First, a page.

By May 25, 2018, all companies that deal with EU-member data must comply with the new GDPR regulations. To prepare, businesses need to change how they acquire and store data on prospects and customers. Centralizing your customers’ personal data will help your business comply.

In general, the consequences of GDPR are broader in scope than other privacy laws in the US. Its regulations are designed to protect consumers, who can request the erasure, extraction, or transfer of their data to another service provider at any time. As the costs of non-compliance are high, keeping a detailed record of where your data reside, how it is used, and by whom, is imperative to mitigate risk.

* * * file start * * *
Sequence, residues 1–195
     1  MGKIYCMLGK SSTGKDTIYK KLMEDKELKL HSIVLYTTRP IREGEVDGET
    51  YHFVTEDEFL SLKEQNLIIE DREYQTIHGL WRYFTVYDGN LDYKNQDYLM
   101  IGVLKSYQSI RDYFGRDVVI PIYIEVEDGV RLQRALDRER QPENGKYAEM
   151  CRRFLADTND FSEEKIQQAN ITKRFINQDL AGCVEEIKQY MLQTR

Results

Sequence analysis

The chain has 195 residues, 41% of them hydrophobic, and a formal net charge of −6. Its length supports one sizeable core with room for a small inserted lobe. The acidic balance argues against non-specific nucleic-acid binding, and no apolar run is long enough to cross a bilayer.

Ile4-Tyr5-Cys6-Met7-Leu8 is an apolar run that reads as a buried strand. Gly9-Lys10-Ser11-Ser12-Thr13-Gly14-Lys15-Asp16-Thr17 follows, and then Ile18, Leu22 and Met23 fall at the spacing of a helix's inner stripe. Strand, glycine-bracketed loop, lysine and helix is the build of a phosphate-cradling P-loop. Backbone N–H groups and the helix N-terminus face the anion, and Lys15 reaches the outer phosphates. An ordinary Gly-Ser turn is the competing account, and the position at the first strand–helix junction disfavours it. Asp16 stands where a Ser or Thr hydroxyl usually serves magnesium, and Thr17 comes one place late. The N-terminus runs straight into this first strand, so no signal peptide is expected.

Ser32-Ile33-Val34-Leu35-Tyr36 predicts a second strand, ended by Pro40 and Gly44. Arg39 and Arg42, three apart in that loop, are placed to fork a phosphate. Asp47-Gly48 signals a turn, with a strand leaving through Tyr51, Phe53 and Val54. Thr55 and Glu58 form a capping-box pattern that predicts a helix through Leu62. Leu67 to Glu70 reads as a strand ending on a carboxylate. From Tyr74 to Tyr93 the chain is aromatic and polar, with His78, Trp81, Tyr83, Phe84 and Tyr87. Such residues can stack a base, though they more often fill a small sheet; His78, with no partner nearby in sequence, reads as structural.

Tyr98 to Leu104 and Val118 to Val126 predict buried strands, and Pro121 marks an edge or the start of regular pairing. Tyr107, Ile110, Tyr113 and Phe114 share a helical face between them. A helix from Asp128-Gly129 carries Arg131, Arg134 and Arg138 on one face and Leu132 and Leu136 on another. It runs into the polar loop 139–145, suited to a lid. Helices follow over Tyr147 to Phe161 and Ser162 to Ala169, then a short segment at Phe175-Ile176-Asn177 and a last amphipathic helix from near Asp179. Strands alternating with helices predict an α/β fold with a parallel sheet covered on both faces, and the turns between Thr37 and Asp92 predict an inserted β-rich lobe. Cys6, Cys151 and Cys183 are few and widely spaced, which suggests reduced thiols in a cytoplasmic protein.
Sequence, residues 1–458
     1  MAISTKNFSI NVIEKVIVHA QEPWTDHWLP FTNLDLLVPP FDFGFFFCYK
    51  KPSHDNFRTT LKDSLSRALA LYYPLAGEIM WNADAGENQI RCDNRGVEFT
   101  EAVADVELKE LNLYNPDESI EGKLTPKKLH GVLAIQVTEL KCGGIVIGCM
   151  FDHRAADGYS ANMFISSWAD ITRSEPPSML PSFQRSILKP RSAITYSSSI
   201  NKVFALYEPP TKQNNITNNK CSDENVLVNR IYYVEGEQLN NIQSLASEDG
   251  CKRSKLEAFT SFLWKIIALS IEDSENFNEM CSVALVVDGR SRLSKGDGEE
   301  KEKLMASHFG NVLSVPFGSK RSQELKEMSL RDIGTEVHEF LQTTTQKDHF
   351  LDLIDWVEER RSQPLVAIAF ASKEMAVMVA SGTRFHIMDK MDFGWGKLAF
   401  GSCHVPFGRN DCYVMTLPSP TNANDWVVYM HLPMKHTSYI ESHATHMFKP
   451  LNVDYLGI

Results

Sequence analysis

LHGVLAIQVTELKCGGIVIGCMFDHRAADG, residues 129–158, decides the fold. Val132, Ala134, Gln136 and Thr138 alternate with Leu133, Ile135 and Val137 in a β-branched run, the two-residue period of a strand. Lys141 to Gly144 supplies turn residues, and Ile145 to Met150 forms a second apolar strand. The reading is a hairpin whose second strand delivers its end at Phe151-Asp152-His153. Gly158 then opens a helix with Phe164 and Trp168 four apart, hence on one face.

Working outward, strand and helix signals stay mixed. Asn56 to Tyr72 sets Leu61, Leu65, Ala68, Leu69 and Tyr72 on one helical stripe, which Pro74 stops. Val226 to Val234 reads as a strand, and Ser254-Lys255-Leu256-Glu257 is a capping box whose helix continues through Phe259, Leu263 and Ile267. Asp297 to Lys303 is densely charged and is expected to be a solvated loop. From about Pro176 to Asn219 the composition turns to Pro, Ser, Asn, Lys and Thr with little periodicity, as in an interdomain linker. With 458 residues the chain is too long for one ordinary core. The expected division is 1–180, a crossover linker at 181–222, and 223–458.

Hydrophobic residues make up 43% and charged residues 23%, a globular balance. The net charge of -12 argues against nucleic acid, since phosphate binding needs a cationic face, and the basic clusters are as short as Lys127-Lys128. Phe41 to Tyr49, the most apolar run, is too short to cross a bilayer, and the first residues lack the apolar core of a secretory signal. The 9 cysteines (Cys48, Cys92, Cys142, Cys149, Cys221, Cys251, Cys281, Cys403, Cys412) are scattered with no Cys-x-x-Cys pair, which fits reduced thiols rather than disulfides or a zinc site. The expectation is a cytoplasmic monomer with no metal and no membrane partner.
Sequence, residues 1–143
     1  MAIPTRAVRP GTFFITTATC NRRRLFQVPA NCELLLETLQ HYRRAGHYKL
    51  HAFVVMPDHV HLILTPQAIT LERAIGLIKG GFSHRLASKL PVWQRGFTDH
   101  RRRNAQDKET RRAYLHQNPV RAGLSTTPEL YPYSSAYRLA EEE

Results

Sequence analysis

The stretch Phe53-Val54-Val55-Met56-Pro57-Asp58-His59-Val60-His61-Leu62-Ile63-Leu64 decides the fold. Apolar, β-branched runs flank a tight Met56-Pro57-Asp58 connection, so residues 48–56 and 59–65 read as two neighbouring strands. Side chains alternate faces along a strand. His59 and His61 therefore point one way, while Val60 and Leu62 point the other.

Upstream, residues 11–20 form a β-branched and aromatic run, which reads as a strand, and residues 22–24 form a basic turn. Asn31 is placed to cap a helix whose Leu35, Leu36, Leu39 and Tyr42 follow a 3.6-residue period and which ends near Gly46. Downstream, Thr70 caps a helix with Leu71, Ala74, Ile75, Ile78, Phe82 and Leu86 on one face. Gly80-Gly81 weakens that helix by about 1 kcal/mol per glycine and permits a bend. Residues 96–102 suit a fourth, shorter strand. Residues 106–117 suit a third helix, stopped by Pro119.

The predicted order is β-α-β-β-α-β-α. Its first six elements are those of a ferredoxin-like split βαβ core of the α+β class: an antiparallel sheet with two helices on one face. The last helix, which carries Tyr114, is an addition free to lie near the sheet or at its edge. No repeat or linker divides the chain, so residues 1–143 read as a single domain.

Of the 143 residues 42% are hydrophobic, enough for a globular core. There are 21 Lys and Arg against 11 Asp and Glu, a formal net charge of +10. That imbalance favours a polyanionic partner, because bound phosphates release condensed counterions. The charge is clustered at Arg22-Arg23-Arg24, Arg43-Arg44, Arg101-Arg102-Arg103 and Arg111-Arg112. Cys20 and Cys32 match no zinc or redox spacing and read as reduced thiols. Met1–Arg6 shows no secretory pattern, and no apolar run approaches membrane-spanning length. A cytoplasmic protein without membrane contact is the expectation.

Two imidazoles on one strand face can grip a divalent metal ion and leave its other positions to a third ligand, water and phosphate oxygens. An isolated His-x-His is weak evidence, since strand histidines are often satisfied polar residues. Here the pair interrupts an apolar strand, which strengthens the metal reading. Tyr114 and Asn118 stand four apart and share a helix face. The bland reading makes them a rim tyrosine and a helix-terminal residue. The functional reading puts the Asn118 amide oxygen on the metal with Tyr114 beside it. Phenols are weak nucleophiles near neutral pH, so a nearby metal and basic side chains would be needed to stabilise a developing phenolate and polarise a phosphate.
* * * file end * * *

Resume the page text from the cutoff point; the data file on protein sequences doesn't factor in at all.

A centralized data warehouse, connected to your applications housing customer data, can play a key role in your GDPR compliance strategy. This ensures all customer records are available through a trusted, centralized resource, while also allowing the individual SaaS applications to continue to perform their important business functions.